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Ken Russell’s Portraits of Elgar, Delius and Mahler

Donald Phelps

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Pilgrim’s Progress: Russell’s Mezzotint of Edward Elgar

That wonderful phrase of Manny Farber – ‘sad, worn, methodical beauty (of old silent films)’ – recurred to me often on watching Ken Russell’s 1962 film (his debut in television), Elgar. The very opening shot, of Edward Elgar as a young boy of ten or eleven, charging on his pony thought all grass, breathes a gentle Victoriana, an evocation of Stevenson and Thomas Arnold. A line of sheep, then one of horses, is viewed in the distance. Pallid sky, grey foliage, intermingle with the simple trajectory of the boy’s ride. The bustling immediacy of the scene is typical of a Russell film opening in later years – although the gentle conventionality is not. The film will, however, disclose this travelling shot as instrumental to Russell’s design – a network of passages: horseback riding; upstairs and downstairs, in a modest home; strolls through the infinite-seeming avenues of trees, the cathedral-like image of which Russell deploys with unapologetic candour again and again – while his film traces the fervid, often harassed, branchings of Edward Elgar’s musical career: as light occasional composer; as classicist; as composer, for the British Crown, of the military march ‘Land of Hope and Glory’, that would be cherished and hallowed by his countrymen, and despised by its composer, for all time.

Unlike, say, either his Delius or Mahler films (discussed below), Elgar is accompanied by a voice-over written and spoken by Huw Wheldon. Its protagonist, therefore, doesn't share in the account of his life and career – intermingling his own reflections, as interpreted by Russell, and enriching, accordingly, the linear austerities of biography. His life, accordingly, emerges – more or less accurately, one might suppose – as more staid, minus the rococo frills of Delius or Mahler’s lives.

Yet Russell, it appears, has seized upon his relatively quiet and unspectacular subject with an intensity which is diverted into the gliding, veering and (to be sure) marching rhythms. Whereas the music of the other two composers, as presented by Russell, embodied vocation, Elgar began what would become his career as low-income artisan: his father, owner of a small music shop in Worcester. Staccato fragments are summoned by Russell to depict Elgar’s workaday association with his future art. He worked occasionally as music teacher: two close-ups of hands at piano keys. On occasion (the voice-over notes), he entertained, as one of a small, improvised band, the inmates of the local lunatic asylum. One is on the qui vive, recalling the visit of Mahler to a pitiably deranged Hugo Wolf, in the latter’s dungeon cell; or, the horrific (hallucinatory?) vignettes of Glenda Jackson, writhing in a Moscow madhouse as Tchaikovsky’s cast-off wife, in The Music Lovers (1971). Nothing of the sort here: a glimpse of Elgar – young, handsome, heavily moustached, in a flash of dark musician’s uniform. George McGrath and Rowena Gregory enact Edward and his wife of some thirty-one years, Caroline Alice (Roberts). Both are usually viewed in full figure, their faces averted or shadowed. For closer views, Russell relies on the iconography of period photographs. Indeed, we know Caroline Alice’s face in any detail from a profile of her, the blonde hair tinctured with gentle sunlight; seen early in her marriage, and at her death in 1920.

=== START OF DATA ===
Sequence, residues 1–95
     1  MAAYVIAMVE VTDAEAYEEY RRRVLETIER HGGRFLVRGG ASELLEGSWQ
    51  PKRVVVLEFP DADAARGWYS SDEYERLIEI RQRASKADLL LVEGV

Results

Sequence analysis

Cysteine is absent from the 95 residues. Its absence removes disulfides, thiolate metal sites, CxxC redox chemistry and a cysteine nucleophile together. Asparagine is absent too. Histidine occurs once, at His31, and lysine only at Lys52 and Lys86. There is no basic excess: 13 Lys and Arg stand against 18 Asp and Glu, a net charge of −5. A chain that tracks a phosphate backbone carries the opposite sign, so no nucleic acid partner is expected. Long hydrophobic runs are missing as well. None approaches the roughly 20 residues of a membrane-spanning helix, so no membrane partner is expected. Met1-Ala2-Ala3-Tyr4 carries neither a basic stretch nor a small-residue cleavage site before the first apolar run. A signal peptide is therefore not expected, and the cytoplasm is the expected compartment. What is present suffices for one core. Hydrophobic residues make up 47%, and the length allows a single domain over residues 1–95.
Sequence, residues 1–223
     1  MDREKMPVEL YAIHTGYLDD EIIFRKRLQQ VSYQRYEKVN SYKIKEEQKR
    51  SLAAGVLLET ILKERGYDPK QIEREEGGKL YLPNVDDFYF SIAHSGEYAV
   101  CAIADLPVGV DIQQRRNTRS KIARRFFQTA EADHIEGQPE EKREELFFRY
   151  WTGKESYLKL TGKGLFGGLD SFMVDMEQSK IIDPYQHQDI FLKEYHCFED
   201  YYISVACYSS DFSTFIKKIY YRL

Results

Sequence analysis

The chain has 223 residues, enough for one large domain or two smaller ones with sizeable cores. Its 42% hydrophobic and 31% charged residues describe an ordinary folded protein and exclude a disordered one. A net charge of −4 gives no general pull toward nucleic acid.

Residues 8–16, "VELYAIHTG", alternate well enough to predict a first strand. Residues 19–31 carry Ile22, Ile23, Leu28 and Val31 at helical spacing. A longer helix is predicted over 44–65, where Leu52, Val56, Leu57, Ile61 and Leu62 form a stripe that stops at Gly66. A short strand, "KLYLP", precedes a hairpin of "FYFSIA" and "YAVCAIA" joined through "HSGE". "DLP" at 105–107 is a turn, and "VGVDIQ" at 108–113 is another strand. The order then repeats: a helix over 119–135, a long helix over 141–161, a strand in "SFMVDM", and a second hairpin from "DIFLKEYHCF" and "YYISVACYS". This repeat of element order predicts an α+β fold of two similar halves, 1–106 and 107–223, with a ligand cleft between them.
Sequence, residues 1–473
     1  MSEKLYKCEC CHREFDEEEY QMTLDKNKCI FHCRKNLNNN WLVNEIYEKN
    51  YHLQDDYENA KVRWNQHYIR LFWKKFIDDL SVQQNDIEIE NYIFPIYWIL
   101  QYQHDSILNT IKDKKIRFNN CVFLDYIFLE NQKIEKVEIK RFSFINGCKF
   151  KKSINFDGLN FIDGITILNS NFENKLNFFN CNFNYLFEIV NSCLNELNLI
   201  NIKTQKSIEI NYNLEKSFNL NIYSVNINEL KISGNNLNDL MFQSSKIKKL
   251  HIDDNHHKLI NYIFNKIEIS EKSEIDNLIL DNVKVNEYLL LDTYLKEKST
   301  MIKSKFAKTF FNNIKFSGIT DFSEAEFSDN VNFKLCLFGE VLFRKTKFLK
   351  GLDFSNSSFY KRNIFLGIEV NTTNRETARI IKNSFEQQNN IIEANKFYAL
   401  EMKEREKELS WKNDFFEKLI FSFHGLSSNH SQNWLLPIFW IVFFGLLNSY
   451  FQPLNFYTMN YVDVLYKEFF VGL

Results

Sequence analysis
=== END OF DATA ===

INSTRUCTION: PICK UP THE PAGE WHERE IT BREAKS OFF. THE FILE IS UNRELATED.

The history of Elgar’s early life, then, as furnished by Russell, is embedded in normalcy. However – as Russell never lets us forget – it is the particular normalcy of post-Romantic, Edwardian England. As noted, Russell’s camera honours the mezzotint shades of foliage, sky, tors; but also, the antic larkishness of a period that was eyed first-hand by the youthful Evelyn Waugh and Aldous Huxley. Reports are cited of Elgar as a coltish, frolicking youth; Russell furnishes perceptive images of his frisking legs: kicking and nearly somersaulting on a game field; not far into the film, a Russellian visual prank shows a pair of trousered legs rising in the air – while a rope’s end comes down – as the bells peal in Elgar’s Catholic church, hub of the Elgars’ social exclusion by many of their neighbours (and seeming ample reason for his wife’s father, a retired Major General, disowning her upon her marriage to Edward). An occasional stray frill of Victorian sentiment is registered: Edward composes a birthday song for his sister Lucy; we see a photo album, decorated with painted flowers, probably an actual heirloom. Lucy herself appears, a matronly-proportioned young lady, singing some bars of her brother’s gift.